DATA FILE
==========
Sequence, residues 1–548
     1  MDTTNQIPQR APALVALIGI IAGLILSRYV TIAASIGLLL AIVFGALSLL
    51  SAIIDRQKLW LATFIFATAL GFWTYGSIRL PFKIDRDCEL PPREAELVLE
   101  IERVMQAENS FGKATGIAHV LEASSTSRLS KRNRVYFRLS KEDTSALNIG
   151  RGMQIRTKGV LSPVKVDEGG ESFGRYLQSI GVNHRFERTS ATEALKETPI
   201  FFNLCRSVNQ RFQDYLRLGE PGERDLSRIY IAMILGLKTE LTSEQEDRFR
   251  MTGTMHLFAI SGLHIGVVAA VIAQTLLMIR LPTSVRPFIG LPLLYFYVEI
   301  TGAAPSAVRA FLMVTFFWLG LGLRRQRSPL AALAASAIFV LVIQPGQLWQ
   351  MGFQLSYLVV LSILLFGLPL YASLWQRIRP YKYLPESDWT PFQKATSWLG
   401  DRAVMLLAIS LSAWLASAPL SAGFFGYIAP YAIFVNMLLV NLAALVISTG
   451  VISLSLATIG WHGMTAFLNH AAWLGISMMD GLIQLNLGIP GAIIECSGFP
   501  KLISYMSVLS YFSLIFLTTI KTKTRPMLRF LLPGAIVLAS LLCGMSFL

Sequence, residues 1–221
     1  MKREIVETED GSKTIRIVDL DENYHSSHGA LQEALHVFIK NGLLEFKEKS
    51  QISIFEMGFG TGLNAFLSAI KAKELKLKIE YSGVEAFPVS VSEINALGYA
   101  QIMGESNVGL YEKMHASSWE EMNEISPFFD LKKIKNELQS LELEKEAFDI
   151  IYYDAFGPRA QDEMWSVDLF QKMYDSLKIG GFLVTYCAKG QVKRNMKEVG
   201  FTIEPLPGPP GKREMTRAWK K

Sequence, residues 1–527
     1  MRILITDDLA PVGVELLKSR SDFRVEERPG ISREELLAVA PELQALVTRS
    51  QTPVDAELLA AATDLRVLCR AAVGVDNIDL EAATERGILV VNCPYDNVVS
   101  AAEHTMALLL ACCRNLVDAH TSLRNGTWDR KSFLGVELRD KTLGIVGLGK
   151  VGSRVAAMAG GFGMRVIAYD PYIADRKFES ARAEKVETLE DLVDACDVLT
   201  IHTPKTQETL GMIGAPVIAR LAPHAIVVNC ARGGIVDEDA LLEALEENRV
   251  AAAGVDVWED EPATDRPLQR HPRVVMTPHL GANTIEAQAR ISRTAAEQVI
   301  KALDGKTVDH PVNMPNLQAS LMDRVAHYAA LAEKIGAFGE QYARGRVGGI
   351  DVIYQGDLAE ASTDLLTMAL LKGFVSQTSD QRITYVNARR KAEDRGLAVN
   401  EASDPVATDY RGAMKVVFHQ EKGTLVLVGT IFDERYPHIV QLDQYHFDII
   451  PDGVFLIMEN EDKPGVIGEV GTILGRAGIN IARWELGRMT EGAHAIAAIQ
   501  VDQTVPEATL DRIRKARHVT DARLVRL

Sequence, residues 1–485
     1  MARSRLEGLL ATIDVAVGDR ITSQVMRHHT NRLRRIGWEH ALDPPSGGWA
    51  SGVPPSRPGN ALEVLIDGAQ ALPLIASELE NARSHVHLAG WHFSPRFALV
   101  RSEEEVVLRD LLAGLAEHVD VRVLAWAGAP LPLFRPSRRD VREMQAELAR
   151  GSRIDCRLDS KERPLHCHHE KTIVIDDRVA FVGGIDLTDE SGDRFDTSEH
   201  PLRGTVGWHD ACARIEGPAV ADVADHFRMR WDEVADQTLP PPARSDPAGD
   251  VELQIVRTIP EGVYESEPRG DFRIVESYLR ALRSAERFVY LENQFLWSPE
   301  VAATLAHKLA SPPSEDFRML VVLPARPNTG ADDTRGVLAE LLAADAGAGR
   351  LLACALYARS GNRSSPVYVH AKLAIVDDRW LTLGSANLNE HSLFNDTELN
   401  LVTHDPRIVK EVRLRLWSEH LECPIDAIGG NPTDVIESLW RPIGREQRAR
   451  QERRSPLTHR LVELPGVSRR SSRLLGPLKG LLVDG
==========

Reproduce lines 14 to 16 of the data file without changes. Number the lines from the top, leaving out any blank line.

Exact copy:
     1  MKREIVETED GSKTIRIVDL DENYHSSHGA LQEALHVFIK NGLLEFKEKS
    51  QISIFEMGFG TGLNAFLSAI KAKELKLKIE YSGVEAFPVS VSEINALGYA
   101  QIMGESNVGL YEKMHASSWE EMNEISPFFD LKKIKNELQS LELEKEAFDI